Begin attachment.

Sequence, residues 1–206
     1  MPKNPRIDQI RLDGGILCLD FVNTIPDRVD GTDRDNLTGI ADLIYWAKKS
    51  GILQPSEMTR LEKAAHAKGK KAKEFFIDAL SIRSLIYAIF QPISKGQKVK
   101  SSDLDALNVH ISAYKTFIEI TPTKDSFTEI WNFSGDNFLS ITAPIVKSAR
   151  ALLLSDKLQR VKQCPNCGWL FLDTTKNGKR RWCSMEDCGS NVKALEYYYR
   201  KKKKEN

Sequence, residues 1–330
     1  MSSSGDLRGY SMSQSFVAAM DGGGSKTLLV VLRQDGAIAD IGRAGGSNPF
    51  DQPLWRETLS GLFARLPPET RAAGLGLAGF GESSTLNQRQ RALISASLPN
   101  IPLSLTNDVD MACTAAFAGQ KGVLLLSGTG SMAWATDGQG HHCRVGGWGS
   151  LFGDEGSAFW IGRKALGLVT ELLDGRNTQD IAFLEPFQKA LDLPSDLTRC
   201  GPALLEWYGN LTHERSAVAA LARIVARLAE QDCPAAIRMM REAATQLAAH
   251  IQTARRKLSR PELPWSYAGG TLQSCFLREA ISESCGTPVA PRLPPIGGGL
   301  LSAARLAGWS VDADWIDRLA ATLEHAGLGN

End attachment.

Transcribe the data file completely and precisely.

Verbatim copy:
Sequence, residues 1–206
     1  MPKNPRIDQI RLDGGILCLD FVNTIPDRVD GTDRDNLTGI ADLIYWAKKS
    51  GILQPSEMTR LEKAAHAKGK KAKEFFIDAL SIRSLIYAIF QPISKGQKVK
   101  SSDLDALNVH ISAYKTFIEI TPTKDSFTEI WNFSGDNFLS ITAPIVKSAR
   151  ALLLSDKLQR VKQCPNCGWL FLDTTKNGKR RWCSMEDCGS NVKALEYYYR
   201  KKKKEN

Sequence, residues 1–330
     1  MSSSGDLRGY SMSQSFVAAM DGGGSKTLLV VLRQDGAIAD IGRAGGSNPF
    51  DQPLWRETLS GLFARLPPET RAAGLGLAGF GESSTLNQRQ RALISASLPN
   101  IPLSLTNDVD MACTAAFAGQ KGVLLLSGTG SMAWATDGQG HHCRVGGWGS
   151  LFGDEGSAFW IGRKALGLVT ELLDGRNTQD IAFLEPFQKA LDLPSDLTRC
   201  GPALLEWYGN LTHERSAVAA LARIVARLAE QDCPAAIRMM REAATQLAAH
   251  IQTARRKLSR PELPWSYAGG TLQSCFLREA ISESCGTPVA PRLPPIGGGL
   301  LSAARLAGWS VDADWIDRLA ATLEHAGLGN